We rounded the last bend before the Gilmerton Bridge and I saw a lot of boats already there and waiting for the 0930 opening. We all piled up close to the bridge and the bridge tender asked if we could transit the bridge in tandem... two boats side-by-side... the span has a 125 foot wide opening so this was no problem... after we passed I heard the bridge tender contact the next bridge... "Steel Bridge... 10 motors and 13 sails coming your way"... 23 boats were waiting and had gone under the bridge... WOW!
After the Gilmerton Bridge I saw two boats break off the ICW and head toward the Dismal Swamp... so we were down to 21 boats heading towards the Steel Bridge. All 21 boats made the Steel Bridge's 1000 opening and we were headed toward the Great Bridge Lock... I did not mention that two of these 21 boats were mega yachts... 100+ foot... so I bumped ahead as fast I could passing as many boats as I could... I knew space in the lock would be tight and I did not think all 21 boats were going to fit... needed to be toward the top of the pack...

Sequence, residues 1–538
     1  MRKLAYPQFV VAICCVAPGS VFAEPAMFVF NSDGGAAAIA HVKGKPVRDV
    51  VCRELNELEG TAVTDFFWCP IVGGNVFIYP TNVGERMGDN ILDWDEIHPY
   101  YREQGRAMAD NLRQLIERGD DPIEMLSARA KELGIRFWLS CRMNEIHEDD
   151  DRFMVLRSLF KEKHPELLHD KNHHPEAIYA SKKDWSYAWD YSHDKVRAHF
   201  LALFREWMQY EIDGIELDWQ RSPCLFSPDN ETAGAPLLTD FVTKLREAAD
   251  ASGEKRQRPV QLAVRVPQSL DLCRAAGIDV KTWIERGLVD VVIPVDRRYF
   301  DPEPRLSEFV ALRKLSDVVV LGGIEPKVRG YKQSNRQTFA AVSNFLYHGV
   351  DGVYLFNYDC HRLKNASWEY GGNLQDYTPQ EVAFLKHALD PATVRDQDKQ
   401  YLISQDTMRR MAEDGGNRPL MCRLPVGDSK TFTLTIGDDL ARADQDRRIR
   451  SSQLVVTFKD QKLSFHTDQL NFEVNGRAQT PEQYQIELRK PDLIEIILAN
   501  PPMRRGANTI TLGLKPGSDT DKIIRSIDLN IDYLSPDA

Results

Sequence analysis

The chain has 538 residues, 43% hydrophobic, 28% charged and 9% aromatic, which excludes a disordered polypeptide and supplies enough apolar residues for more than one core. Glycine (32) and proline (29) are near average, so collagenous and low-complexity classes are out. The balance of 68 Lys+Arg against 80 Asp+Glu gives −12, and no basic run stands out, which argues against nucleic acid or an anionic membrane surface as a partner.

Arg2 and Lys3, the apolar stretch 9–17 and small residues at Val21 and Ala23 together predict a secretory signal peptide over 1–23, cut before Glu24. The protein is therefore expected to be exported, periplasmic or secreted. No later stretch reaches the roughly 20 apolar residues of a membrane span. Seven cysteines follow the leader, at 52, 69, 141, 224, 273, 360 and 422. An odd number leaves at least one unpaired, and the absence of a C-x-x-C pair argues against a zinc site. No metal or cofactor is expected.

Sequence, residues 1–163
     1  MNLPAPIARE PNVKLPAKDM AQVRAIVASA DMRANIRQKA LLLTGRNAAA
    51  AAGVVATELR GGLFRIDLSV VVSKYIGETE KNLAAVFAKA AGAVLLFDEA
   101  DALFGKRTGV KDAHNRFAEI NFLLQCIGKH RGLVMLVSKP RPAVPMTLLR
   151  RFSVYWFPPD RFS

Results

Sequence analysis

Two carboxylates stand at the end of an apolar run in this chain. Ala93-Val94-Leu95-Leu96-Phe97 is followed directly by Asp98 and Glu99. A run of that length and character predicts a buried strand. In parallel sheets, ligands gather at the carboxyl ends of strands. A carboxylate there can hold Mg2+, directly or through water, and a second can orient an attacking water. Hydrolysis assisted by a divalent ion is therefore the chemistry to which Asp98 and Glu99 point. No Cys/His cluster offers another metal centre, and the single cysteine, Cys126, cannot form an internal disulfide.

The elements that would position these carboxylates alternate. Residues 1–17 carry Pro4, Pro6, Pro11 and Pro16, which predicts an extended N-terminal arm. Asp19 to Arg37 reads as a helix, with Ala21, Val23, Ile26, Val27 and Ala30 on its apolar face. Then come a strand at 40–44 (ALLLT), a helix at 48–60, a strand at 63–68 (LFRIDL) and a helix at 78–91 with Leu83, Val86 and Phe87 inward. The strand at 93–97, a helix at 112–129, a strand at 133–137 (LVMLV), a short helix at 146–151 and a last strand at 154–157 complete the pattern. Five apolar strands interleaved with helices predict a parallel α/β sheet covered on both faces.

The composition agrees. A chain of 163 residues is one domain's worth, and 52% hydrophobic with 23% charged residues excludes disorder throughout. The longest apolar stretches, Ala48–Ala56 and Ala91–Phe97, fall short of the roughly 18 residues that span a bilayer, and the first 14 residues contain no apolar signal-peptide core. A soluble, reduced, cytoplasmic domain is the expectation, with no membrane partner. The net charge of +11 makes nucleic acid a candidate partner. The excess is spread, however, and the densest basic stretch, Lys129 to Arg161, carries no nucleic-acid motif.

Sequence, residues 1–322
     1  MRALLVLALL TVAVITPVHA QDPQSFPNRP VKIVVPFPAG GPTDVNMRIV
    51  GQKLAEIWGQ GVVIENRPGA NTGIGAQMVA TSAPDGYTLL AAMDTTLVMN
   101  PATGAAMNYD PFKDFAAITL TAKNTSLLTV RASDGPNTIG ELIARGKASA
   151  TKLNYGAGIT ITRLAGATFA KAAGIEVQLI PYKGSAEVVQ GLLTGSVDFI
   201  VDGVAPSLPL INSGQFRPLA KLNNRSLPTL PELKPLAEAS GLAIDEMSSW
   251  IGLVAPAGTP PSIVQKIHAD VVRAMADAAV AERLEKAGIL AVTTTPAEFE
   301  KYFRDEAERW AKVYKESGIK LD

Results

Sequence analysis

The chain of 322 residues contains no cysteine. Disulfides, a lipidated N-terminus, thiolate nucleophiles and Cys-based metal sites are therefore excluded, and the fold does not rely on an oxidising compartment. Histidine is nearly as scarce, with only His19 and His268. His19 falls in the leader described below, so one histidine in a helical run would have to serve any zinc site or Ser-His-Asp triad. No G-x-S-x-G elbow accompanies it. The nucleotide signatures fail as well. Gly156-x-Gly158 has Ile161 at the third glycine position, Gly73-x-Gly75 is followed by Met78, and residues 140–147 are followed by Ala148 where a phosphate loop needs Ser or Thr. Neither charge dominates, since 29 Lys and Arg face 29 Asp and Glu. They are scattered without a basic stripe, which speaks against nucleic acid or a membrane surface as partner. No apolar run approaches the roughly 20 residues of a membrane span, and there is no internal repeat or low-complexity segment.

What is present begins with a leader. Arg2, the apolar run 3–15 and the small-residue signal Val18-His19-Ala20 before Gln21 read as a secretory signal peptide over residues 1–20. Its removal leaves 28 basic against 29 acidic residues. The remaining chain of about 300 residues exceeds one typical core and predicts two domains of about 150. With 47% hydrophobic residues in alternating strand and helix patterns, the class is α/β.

Arrived at the lock at approximately 1030 hours and was maybe number 6 in the pack at this point... I made it in port side to behind the two mega yachts... and there were five other boats behind me on the port side... and there were 11 boats were on the starboard side of the lock with one boat rafting up to another boat... 19 boats got in the lock... the last two boats arriving had to wait for the next locking through.
We left the lock and passed under the Great Bridge Bridge at it's 1100 opening and headed to our next bridge... Norfolk Southern RR Bridge... which was open... no sweat... next came the Centerville Turnpike Bridge that opens every half hour so making it was no problem... passed under it at it's 1130 opening.